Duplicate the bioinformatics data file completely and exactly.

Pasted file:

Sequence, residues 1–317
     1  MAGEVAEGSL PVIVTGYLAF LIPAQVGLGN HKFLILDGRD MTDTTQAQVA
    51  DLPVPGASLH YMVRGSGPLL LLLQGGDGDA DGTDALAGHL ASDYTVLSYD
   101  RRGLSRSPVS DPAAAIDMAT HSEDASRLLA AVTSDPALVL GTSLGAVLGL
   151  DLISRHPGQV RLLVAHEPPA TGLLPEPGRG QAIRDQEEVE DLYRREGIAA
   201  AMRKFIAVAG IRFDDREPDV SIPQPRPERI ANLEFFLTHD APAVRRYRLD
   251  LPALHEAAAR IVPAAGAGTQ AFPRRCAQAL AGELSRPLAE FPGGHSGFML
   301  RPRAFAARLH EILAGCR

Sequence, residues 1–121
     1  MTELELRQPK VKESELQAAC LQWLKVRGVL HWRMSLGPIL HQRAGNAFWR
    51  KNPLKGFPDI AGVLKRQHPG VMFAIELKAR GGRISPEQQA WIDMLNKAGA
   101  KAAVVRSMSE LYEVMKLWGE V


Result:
Sequence, residues 1–317
     1  MAGEVAEGSL PVIVTGYLAF LIPAQVGLGN HKFLILDGRD MTDTTQAQVA
    51  DLPVPGASLH YMVRGSGPLL LLLQGGDGDA DGTDALAGHL ASDYTVLSYD
   101  RRGLSRSPVS DPAAAIDMAT HSEDASRLLA AVTSDPALVL GTSLGAVLGL
   151  DLISRHPGQV RLLVAHEPPA TGLLPEPGRG QAIRDQEEVE DLYRREGIAA
   201  AMRKFIAVAG IRFDDREPDV SIPQPRPERI ANLEFFLTHD APAVRRYRLD
   251  LPALHEAAAR IVPAAGAGTQ AFPRRCAQAL AGELSRPLAE FPGGHSGFML
   301  RPRAFAARLH EILAGCR

Sequence, residues 1–121
     1  MTELELRQPK VKESELQAAC LQWLKVRGVL HWRMSLGPIL HQRAGNAFWR
    51  KNPLKGFPDI AGVLKRQHPG VMFAIELKAR GGRISPEQQA WIDMLNKAGA
   101  KAAVVRSMSE LYEVMKLWGE V